She faces a similar veteran of budget gaps, County Manager Mark Schwartz, who in his budget presentation to the County Board said he fully expected APS to request more funding, but that the $17.7 million more than last year that the school is receiving should be enough to account for the increase in students.

Johnson’s budget presentation cited a 4% increase in enrollment and rising costs for students with special needs, transportation services, substitutes, ADA accommodations and health insurance as factors in the gap. Enrollment growth accounted for $12.8 million, but that was not the largest new cost in the budget.

The largest cost increase in Johnson’s budget is a step increase for school employees and a 1.6% cost of living adjustment, totaling to $18 million. There are also $10.3 million in one-time and ongoing costs for opening five new schools and programs, according to a press release from APS.

The budget also proposes 84 new special education and special needs positions throughout the school system — at an annual cost of $6.56 million — and around 35 new full-time English Learner teachers, at an annual cost of $3.89 million, to comply with a settlement with the U.S. Dept. of Justice.

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Arlington County has a new budget and a higher real estate tax rate.

The County Board unanimously approved a $1.4 billion budget for Fiscal Year 2020, avoiding the most controversial of its proposed cuts while hiking the taxes paid by the average homeowner to $9,023, an increase of $281.

Arlington property owners will now pay an additional two cents for every $100 in assessed property value, on top of increasing property values. Most of the additional revenue will go to Arlington Public Schools, which is set to receive $532.3 million in local tax dollars, which will help it also avoid some proposed, controversial cuts.

County Board members characterized the budget as fiscal prudence, despite the tax hike. They noted that it includes $4.8 million in county budget reductions, trimming 27.5 full-time staff positions deemed to be no longer necessary due to declines in demand for certain services.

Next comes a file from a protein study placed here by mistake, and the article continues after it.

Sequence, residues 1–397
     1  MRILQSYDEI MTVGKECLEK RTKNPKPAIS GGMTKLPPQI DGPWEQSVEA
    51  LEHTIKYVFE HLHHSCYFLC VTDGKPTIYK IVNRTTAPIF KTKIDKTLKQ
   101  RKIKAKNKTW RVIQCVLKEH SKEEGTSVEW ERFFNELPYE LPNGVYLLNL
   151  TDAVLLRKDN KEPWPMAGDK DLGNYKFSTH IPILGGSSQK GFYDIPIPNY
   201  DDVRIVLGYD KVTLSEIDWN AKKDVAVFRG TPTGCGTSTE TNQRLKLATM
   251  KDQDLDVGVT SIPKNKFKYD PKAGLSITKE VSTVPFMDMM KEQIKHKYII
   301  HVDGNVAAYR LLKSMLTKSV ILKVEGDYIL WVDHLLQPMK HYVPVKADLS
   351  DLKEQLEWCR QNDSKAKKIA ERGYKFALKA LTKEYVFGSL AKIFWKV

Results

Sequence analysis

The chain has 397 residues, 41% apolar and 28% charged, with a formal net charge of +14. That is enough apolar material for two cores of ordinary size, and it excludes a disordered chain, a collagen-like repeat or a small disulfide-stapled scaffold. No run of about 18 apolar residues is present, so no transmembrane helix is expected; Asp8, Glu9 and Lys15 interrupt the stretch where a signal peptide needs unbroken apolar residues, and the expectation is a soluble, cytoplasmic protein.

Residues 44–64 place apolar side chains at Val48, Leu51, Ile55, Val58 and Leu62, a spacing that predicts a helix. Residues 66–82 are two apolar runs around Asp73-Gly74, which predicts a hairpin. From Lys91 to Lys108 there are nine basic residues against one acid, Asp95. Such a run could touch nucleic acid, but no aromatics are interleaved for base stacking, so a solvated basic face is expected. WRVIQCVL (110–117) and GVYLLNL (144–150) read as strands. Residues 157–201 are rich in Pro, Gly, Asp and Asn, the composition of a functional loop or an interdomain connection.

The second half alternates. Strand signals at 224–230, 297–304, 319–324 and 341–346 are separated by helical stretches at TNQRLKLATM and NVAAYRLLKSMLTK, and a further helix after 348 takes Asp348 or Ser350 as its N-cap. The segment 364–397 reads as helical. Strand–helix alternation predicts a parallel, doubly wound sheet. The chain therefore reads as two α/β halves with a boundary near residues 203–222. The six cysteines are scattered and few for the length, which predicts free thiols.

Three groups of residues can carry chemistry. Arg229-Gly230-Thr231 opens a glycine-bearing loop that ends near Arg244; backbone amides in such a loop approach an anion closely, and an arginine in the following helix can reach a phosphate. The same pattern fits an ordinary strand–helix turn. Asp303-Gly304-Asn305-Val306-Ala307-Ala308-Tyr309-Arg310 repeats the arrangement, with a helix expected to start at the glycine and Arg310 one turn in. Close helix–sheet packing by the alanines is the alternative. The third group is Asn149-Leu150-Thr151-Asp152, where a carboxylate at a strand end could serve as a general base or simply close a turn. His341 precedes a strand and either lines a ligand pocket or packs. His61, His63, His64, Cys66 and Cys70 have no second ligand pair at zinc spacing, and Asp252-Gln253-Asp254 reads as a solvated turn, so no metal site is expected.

The cuts range from a 5 percent reduction in funding for community radio and public access TV operator Arlington Independent Media to cutting Arlington Transit bus service on a route that records as few as 3 riders per hour.

“I would think about this not as government getting smaller, but as government getting smarter,” said County Board Chair Christian Dorsey.

Board member Erik Gutshall said county leaders went over the budget with a “fine tooth comb” and the result is a budget without “an ounce of fat.”

“We certainly would prefer not to raise rates at all but this is a budget we can be proud of as thoughtful, progressive, and sound,” said Board member Matt de Ferranti.

While the Board restored a pair of arts positions — cuts that would have affected theater programs in the county — it asked the County Manager to study those positions and the county’s arts programs in general prior to the next annual budget. Vice Chair Libby Garvey said that libraries should also be studied.

“[I’m] hoping in this next year… we take kind of a holistic view of libraries, and what we want libraries to be in our community, what role we want them to play,” she said.

There was hopeful talk on the dais about the effects of Amazon’s new Arlington presence.

“Happily the commercial vacancy rate is getting a little better,” Garvey said, adding that “obviously Amazon helps that a lot.”

In Arlington, roughly half of county revenue comes from commercial real estate and businesses.

The FY 2020 budget helps to shape a community “that a company like Amazon wants to come to,” said Gutshall. “And when they come they help our commercial [real estate] assessments that did the most of the work in bridging the gap this year.”

The full Arlington County press release on the budget’s passage, after the jump.

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The Arlington School Board has advanced a $669,314,705 million proposed budget — a budget that features a gap of over $6 million.

The Board voted 4-0 to approve its proposal for the school system’s next fiscal year budget. One member, Barbara Kanninen, abstained. Final budget approval is set for May.

Voting stretched late into Thursday night as members weighed five amendments detailing how funds could be cut to reduce the $6.7 million budget shortfall.